Family: (Fringillidae) Finches
Our winter months are a great time for birding on the Upper Texas Coast. One cheerful, attractive winter visitor from the north is the American Goldfinch. While we see few of them in their bright yellow breeding plumage, their winter plumage of olive-yellow is still quite attractive. They normally travel in small flocks and attracting twenty to thirty of these colorful birds to your yard can brighten your day.
Invite American Goldfinches to Your Garden
Profile by Glenn Olsen: The genus name is derived from carduus, the Latin word for thistle, and the American Goldfinch is primarily an eater of seeds, especially during the winter. We have native and non-native thistles that the birds feed on. Thistles should not be confused with niger or Nyjer® seeds, which are tiny, black birdseed cultivated in Asia and Africa. However, one way people attract these beautiful birds is by placing niger or Nyjer seeds in bird feeders and the birds love them because they are high in calories and rich in oils.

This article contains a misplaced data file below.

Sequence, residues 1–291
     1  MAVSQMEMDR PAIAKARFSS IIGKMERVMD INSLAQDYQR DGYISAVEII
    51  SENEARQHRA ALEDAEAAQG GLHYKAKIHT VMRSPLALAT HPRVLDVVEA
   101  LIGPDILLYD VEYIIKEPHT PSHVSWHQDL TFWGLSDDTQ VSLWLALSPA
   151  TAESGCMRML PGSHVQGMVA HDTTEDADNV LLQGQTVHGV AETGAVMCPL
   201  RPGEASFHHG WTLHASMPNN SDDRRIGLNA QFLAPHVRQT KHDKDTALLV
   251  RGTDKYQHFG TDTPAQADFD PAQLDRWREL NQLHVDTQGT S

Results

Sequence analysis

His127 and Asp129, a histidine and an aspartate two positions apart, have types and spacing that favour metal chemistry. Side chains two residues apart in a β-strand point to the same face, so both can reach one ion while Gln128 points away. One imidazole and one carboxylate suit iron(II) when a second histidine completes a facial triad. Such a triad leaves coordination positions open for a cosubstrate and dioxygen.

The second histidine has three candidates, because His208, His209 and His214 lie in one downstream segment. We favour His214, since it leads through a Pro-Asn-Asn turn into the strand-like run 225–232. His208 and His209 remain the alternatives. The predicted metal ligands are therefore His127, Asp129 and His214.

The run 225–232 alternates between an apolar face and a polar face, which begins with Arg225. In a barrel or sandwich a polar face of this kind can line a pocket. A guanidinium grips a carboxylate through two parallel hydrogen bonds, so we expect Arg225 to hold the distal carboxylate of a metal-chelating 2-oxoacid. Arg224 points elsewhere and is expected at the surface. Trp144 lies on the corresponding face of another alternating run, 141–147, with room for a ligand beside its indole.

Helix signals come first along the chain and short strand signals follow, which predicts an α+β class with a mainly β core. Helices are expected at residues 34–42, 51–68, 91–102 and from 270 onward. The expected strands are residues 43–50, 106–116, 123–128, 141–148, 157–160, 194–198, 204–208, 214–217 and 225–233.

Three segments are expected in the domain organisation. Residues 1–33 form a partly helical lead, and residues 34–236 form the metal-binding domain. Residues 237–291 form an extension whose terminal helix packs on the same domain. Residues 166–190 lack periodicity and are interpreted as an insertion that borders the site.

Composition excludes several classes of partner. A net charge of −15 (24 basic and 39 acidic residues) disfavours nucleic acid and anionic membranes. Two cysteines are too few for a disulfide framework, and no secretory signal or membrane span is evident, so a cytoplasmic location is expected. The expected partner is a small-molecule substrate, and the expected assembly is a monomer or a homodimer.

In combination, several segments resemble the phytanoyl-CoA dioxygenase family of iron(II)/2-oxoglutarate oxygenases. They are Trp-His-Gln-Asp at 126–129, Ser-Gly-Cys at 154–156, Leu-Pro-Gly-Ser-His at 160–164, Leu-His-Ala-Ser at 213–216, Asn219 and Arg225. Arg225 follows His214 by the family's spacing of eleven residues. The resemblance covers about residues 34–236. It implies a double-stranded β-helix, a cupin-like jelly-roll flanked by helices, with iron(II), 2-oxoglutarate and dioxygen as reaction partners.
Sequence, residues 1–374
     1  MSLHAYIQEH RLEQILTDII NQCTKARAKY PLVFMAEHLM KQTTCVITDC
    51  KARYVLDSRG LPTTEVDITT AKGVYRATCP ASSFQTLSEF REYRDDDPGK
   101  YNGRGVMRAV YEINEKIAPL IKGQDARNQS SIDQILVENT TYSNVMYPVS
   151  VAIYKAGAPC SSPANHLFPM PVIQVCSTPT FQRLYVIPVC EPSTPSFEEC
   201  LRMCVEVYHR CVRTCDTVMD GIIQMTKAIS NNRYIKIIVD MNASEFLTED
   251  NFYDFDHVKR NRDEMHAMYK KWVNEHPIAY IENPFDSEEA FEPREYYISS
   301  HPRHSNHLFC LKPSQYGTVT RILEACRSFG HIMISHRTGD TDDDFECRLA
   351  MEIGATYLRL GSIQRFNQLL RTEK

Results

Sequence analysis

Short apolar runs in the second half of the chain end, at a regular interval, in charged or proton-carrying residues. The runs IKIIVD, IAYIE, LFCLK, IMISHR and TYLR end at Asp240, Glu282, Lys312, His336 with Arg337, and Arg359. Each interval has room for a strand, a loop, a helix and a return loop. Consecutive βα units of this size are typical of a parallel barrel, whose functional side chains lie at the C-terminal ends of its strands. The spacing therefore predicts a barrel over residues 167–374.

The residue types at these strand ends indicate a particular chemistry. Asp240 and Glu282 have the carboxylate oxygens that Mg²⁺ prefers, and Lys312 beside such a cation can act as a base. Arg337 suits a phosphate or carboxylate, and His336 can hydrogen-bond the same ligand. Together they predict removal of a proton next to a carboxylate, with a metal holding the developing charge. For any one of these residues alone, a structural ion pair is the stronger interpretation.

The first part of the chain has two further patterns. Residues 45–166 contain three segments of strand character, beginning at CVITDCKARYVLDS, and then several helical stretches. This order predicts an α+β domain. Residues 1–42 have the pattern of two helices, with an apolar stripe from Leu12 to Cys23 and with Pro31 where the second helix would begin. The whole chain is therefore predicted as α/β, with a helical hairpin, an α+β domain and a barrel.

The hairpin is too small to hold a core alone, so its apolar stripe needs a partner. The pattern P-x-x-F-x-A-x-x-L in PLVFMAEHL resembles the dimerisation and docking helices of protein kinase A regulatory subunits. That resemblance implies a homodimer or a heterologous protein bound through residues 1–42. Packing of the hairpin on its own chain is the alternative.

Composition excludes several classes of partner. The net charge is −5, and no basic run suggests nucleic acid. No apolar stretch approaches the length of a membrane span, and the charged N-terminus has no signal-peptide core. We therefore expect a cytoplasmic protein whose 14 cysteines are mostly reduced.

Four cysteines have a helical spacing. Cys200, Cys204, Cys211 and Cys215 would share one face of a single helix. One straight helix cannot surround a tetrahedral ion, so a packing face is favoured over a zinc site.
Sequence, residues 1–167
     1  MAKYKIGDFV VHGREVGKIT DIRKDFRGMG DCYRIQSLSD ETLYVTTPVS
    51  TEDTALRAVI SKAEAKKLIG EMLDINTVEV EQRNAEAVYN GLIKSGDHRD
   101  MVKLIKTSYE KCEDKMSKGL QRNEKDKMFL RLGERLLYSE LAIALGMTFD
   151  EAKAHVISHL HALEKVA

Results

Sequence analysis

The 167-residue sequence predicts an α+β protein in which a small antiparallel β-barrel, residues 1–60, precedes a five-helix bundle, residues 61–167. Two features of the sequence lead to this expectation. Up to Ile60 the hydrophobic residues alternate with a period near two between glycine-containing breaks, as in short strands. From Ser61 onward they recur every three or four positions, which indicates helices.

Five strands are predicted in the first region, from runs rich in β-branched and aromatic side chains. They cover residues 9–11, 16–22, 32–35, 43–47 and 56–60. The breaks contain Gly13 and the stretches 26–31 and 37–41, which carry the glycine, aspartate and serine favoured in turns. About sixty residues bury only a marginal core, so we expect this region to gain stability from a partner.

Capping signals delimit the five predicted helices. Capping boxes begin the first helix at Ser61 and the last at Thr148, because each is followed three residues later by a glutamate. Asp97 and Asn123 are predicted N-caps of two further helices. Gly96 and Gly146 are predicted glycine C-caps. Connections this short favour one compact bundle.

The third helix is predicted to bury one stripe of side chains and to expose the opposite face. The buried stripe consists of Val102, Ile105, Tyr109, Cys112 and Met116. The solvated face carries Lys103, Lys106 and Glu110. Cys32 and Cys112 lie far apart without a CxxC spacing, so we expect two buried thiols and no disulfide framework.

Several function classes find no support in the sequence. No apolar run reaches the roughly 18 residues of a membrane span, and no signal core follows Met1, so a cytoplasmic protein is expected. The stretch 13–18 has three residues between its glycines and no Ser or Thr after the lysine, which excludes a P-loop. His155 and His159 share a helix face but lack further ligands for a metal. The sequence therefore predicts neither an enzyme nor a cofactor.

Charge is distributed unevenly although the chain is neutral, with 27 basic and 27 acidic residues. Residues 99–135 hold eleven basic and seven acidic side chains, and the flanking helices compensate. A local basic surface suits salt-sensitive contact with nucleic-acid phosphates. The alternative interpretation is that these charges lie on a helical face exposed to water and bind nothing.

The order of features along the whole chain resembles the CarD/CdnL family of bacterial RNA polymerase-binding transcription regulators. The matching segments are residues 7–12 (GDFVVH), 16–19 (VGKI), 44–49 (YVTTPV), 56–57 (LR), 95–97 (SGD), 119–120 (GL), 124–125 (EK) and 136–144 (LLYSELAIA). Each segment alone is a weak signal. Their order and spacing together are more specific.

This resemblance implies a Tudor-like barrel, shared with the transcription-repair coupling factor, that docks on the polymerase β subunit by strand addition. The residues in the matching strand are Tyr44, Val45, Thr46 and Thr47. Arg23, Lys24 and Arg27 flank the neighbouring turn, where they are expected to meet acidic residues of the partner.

Another excellent way to attract this species as well as many other birds year round is to landscape with plants that produce seed attractive to the American Goldfinch. There are a wide variety of plants to choose from, including flowers, shrubs, vines, and trees. Here are a few: thistles, dandelions, sunflowers, goldenrod, evening primrose, native asters, St. Johnswort (Hypericum), trumpet creeper, and certain grasses. Any of these can be planted in existing flower beds to add additional color. The seeds of elm, sweet gum and sycamore trees are also eaten by the American Goldfinch. So incorporate a few of these plants into your landscaping and begin to provide food and habitat for the American Goldfinch and many other birds too.